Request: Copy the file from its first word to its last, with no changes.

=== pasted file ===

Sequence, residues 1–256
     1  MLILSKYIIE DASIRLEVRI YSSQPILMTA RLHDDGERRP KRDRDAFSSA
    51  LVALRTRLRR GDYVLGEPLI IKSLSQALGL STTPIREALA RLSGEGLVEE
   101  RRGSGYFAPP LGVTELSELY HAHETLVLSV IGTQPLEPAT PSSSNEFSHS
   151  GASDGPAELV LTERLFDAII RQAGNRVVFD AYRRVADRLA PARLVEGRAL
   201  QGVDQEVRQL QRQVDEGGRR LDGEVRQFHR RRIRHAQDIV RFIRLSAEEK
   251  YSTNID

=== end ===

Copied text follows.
Sequence, residues 1–256
     1  MLILSKYIIE DASIRLEVRI YSSQPILMTA RLHDDGERRP KRDRDAFSSA
    51  LVALRTRLRR GDYVLGEPLI IKSLSQALGL STTPIREALA RLSGEGLVEE
   101  RRGSGYFAPP LGVTELSELY HAHETLVLSV IGTQPLEPAT PSSSNEFSHS
   151  GASDGPAELV LTERLFDAII RQAGNRVVFD AYRRVADRLA PARLVEGRAL
   201  QGVDQEVRQL QRQVDEGGRR LDGEVRQFHR RRIRHAQDIV RFIRLSAEEK
   251  YSTNID